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YELLOWKNIFE (November 8, 2017) – Premier Bob McLeod issued the following statement today to clarify numbers provided in recent interviews on the future of the Northwest Territories:

Last week I issued a public red alert calling for a national debate about the future of the Northwest Territories. This call was based on continuing questions the Government of the Northwest Territories has concerning federal plans for the North and their commitment to investing meaningfully in its ongoing social and economic development in a strategic and coordinated way.

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OTTAWA (November 1, 2017) – Premier Bob McLeod issued the following statement on the future of the Northwest Territories:

“Today I am issuing a red alert and calling for an urgent national debate on the future of the Northwest Territories.

The promise of the North is fading and the dreams of northerners are dying as we see a re-emergence of colonialism.

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Madame Chair, members of the Committee, thank you for the opportunity to present to you today in relation to your study of modern treaties and self-government throughout Canada.

The Government of the Northwest Territories has made it a priority to advance, finalize and implement land, resources and self-government agreements, including post-devolution initiatives.

We appreciate this opportunity to participate in your Committee’s study and hope that it will contribute to continued progress on this important initiative for the people of the Northwest Territories.

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Delivered on October 20, 2017

Mr. Speaker, before Members finish this Sitting and go their separate ways ‘til the House sits again, I wanted to take a few moments to reflect on our experiences together over the past few weeks and the past two years.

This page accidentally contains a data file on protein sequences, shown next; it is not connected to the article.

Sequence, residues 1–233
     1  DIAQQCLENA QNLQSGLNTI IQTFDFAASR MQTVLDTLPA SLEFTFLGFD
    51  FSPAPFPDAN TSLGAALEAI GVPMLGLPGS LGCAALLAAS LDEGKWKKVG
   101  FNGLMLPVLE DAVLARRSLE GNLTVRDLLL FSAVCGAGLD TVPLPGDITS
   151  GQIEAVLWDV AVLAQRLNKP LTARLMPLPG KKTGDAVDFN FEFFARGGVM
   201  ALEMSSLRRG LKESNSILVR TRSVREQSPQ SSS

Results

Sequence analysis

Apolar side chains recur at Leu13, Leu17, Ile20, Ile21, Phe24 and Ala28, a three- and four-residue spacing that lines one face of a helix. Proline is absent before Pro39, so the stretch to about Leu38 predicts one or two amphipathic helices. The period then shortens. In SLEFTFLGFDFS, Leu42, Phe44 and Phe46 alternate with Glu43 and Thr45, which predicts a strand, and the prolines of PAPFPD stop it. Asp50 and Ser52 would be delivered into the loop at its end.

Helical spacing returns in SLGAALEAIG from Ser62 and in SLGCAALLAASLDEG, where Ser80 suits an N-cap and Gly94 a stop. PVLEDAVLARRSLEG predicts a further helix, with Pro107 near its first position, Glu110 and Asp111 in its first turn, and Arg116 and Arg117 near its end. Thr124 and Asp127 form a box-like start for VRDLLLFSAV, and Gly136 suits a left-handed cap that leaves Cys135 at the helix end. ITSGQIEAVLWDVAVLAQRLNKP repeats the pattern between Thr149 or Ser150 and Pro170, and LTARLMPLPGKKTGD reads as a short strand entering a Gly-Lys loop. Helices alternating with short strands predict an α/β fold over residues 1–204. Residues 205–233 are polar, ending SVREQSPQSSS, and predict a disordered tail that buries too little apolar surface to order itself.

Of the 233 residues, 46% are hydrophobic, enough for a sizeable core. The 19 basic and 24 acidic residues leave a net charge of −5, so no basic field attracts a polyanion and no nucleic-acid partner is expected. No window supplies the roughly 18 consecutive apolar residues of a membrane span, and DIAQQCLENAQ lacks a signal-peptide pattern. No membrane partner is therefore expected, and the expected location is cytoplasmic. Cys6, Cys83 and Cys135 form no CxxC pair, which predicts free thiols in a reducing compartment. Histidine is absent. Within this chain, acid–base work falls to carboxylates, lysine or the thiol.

When the 19 of us met in November 2015 as newly-elected Members, we agreed that the 18th Legislative Assembly needed to change the way it does business. I supported that priority then and I still support it today. So too, I believe, do all my other colleagues on both sides of this House.

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Check Against Delivery

Delivered Friday, October 13, 2017

Good morning, I am pleased to be in Iceland this week representing the people and Government of the Northwest Territories.

The Northwest Territories – along with Nunavut – is one of two Canadian jurisdictions where Indigenous people are in the majority. Our two jurisdictions are also the only two in Canada whose Legislative Assemblies typically have a majority of Indigenous representatives and whose Premiers have historically also been Indigenous.

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Check Against Delivery

Delivered Saturday, October 14, 2017

Thank you for the opportunity to speak today on the achievements, opportunities and challenges of Canada’s North from the perspective of its people. Not only am I Premier of the NWT, I am also a proud Indigenous northerner who was born in raised within its borders.

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Delivered October 3, 2017

Mr. Speaker, since 2013, September 30th has been marked as Orange Shirt Day, a day for all Canadians to remember the survivors of the residential school system.

Organizers chose an orange shirt as the symbol for that day based on a story told by Phyllis Jack Webstat, a survivor of the St. Joseph Mission Residential School in Williams Lake, BC. In her story, Ms. Webstat tells of having the shiny, new orange shirt her grandmother had given to her being taken away on her first day at residential school.

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YELLOWKNIFE, NT /WHITEHORSE, YT/IQALUIT, NU (September 22, 2017) – Northwest Territories Premier Bob McLeod, Yukon Premier Sandy Silver and Nunavut Premier Peter Taptuna today released the Pan-Territorial Vision for Sustainable Development. In it, they declare that residents of the territories deserve the opportunity to achieve the same aspirations for themselves and their families as other Canadians – including good health, high-quality education and sustainable middle class jobs.

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Delivered on September 19, 2017

Mr. Speaker, as we begin the final sitting of the Second Session of the Legislative Assembly, many people are looking back at the past two years and our mandate successes. We have many successes to look at and we will discuss them in more detail during this sitting. Right now, I want to look in a different direction, Mr. Speaker. Today, I want to talk about the future of the North.

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